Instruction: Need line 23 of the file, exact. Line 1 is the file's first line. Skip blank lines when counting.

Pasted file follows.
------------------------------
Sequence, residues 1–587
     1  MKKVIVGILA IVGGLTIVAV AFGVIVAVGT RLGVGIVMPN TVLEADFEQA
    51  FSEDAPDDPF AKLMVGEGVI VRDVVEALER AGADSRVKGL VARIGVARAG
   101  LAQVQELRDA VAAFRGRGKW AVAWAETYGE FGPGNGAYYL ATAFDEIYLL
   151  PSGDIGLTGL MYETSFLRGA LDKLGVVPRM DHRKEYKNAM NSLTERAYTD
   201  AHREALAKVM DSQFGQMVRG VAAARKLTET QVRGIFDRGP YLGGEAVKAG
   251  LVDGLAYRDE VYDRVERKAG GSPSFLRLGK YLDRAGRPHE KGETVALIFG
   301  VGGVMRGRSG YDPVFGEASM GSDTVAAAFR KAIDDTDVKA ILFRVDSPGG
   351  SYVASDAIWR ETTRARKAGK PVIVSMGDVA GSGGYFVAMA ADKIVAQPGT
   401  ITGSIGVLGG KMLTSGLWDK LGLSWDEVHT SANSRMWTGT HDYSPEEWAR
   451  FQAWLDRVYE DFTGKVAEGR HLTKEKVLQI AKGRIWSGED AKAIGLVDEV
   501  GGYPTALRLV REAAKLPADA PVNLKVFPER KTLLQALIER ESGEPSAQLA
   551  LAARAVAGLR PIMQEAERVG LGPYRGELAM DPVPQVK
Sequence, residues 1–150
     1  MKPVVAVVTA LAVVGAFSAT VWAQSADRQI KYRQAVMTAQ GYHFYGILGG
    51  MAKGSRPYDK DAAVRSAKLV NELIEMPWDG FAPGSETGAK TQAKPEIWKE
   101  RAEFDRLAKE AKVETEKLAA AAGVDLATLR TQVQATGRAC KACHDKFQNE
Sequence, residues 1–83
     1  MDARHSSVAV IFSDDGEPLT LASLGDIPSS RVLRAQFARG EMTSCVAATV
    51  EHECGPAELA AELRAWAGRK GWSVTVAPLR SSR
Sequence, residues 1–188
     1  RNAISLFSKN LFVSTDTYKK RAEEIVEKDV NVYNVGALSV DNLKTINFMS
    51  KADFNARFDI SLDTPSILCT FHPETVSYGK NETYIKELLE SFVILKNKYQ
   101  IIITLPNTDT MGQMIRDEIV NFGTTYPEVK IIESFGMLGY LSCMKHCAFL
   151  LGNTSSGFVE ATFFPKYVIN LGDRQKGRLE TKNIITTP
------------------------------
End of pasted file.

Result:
    51  KADFNARFDI SLDTPSILCT FHPETVSYGK NETYIKELLE SFVILKNKYQ